TMEP 1209.01(b): Merely Descriptive Marks

This is the October 2015 Edition of the TMEP

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1209.01(b)    Merely Descriptive Marks

To be refused registration on the Principal Register under §2(e)(1) of the Trademark Act, 15 U.S.C. §1052(e)(1), a mark must be merely descriptive or deceptively misdescriptive of the goods or services to which it relates. A mark is considered merely descriptive if it describes an ingredient, quality, characteristic, function, feature, purpose, or use of the specified goods or services. See In re TriVita, Inc., 783 F.3d 872, 114 USPQ2d 1574 (Fed. Cir. 2015) (NOPALEA held descriptive of dietary and nutritional supplements); In re Gyulay, 820 F.2d 1216, 3 USPQ2d 1009 (Fed. Cir. 1987) (APPLE PIE held merely descriptive of potpourri); In re Bed & Breakfast Registry, 791 F.2d 157, 229 USPQ 818 (Fed. Cir. 1986) (BED & BREAKFAST REGISTRY held merely descriptive of lodging reservations services); In re MetPath Inc., 223 USPQ 88 (TTAB 1984) (MALE-P.A.P. TEST held merely descriptive of clinical pathological immunoassay testing services for detecting and monitoring prostatic cancer); In re Bright-Crest, Ltd., 204 USPQ 591 (TTAB 1979) (COASTER-CARDS held merely descriptive of a coaster suitable for direct mailing). Similarly, a mark is considered merely descriptive if it immediately conveys knowledge of a quality, feature, function, or characteristic of an applicant’s goods or services. In re Chamber of Commerce of the U.S., 675 F.3d 1297, 1300, 102 USPQ2d 1217, 1219 (Fed. Cir. 2012); In re Bayer Aktiengesellschaft, 488 F.3d 960, 963-64, 82 USPQ2d 1828, 1831 (Fed. Cir. 2007).

The determination of whether a mark is merely descriptive must be made in relation to the goods or services for which registration is sought, not in the abstract. In re Chamber of Commerce, 675 F.3d at 1300, 102 USPQ2d at 1219; In re Bayer, 488 F.3d at 964, 82 USPQ2d at 1831. This requires consideration of the context in which the mark is used or intended to be used in connection with those goods/services, and the possible significance that the mark would have to the average purchaser of the goods or services in the marketplace. See In re Chamber of Commerce, 675 F.3d at 1300, 102 USPQ2d at 1219; In re Bayer, 488 F.3d at 964, 82 USPQ2d at 1831; In re Omaha Nat’l Corp., 819 F.2d 1117, 2 USPQ2d 1859 (Fed. Cir. 1987); In re Abcor Dev. Corp., 588 F.2d 811, 200 USPQ 215 (C.C.P.A. 1978); In re Datapipe, Inc., 111 USPQ2d 1330 (TTAB 2014); In re Venture Lending Assocs., 226 USPQ 285 (TTAB 1985). The mark need not describe all the goods and services identified, as long as it merely describes one of them. See In re Stereotaxis Inc., 429 F.3d 1039, 1041, 77 USPQ2d 1087, 1089 (Fed. Cir. 2005) (“[T]he Trademark Office may require a disclaimer as a condition of registration if the mark is merely descriptive for at least one of the products or services involved.”)

It is not necessary that a term describe all of the purposes, functions, characteristics, or features of a product to be considered merely descriptive; it is enough if the term describes one significant function, attribute, or property. In re Chamber of Commerce, 675 F.3d at 1300, 102 USPQ2d at 1219; In re Oppedahl & Larson LLP, 373 F.3d 1171, 1173, 71 USPQ2d 1370, 1371 (Fed. Cir. 2004) (“A mark may be merely descriptive even if it does not describe the ‘full scope and extent’ of the applicant’s goods or services,” citing In re Dial-A-Mattress Operating Corp., 240 F.3d 1341, 1346, 57 USPQ2d 1807, 1812 (Fed. Cir. 2001)); Gyulay, 820 F.2d at 1218, 3 USPQ2d at 1010; In re Positec Group Ltd., 108 USPQ2d 1161, 1171 (TTAB 2013) (“[I]f the mark is descriptive of some identified items – or even just one – the whole class of goods still may be refused by the examiner.”); In re Cox Enters. Inc., 82 USPQ2d 1040 (TTAB 2007) see also In re Omaha Nat’l Corp.,819 F.2d 1117, 1119, 2 USPQ2d 1859, 1861 (Fed. Cir. 1987) (rejecting argument that descriptiveness should be limited to a quality or characteristic of the service itself and holding that it includes a designation descriptive of the service provider).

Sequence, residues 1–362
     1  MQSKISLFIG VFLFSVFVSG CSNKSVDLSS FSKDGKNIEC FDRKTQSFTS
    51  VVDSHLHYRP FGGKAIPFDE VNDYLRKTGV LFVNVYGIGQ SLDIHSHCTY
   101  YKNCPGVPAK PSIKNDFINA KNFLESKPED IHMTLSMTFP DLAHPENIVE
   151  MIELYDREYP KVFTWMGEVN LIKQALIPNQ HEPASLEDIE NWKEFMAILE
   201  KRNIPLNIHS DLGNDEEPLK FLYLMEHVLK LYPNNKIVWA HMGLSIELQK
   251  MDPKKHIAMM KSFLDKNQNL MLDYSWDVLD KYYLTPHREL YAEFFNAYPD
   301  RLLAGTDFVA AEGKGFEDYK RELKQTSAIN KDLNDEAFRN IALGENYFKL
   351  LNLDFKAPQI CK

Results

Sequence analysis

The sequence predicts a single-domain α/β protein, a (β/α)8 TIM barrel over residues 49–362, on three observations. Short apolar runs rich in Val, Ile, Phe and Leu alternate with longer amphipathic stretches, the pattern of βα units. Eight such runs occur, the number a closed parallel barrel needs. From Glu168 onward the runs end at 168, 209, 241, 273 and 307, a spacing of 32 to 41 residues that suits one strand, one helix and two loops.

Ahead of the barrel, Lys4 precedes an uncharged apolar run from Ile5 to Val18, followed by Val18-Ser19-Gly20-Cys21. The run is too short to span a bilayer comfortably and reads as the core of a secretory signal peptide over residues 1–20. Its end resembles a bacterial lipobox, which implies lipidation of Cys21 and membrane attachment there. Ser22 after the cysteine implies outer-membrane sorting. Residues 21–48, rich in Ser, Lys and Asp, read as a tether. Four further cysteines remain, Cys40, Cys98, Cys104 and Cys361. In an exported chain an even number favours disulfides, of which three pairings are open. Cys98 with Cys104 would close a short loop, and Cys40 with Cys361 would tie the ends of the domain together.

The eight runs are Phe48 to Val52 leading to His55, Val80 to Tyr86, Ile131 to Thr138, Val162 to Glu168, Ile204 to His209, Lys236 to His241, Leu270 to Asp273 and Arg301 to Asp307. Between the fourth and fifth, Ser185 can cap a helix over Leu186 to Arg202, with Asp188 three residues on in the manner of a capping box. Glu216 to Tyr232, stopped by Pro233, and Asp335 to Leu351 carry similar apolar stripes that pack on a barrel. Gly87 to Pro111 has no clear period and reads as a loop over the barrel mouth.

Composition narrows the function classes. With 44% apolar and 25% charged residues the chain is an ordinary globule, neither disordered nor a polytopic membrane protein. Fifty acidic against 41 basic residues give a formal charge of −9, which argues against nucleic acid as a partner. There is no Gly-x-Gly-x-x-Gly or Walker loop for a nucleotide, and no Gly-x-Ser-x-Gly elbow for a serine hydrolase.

A term also may be considered merely descriptive if the identified services fall within a subset of services indicated by the term. See In re Amer. Soc’y of Clinical Pathologists, Inc., 442 F.2d 1404, 1406-07, 169 USPQ 800, 801 (C.C.P.A. 1971) (holding that REGISTRY OF MEDICAL PATHOLOGISTS was descriptive of certain claimed services that were implicitly subsumed within service of providing a registry of medical pathologists and of additional claimed services that were “supporting, ancillary or auxiliary to the primary function” of applicant’s registry services). See also In re Chamber of Commerce of the U.S., 675 F.3d 1297, 1301-02, 102 USPQ2d 1217, 1220 (Fed. Cir. 2012) (NATIONAL CHAMBER held descriptive because “substantial evidence supports the TTAB's determination that the designated business and regulatory data analysis services are within the scope of traditional chambers of commerce activities” of “promoting the interests of businessmen and businesswomen”).

The great variation in facts from case to case prevents the formulation of specific rules for specific fact situations. Each case must be decided on its own merits. See In re Ampco Foods, Inc., 227 USPQ 331 (TTAB 1985); In re Venturi, Inc., 197 USPQ 714 (TTAB 1977).

See TMEP §§1209.03–1209.03(u) regarding factors that often arise in determining whether a mark is merely descriptive or generic.

See also TMEP §§1213–1213.11 concerning disclaimer of merely descriptive matter within a mark.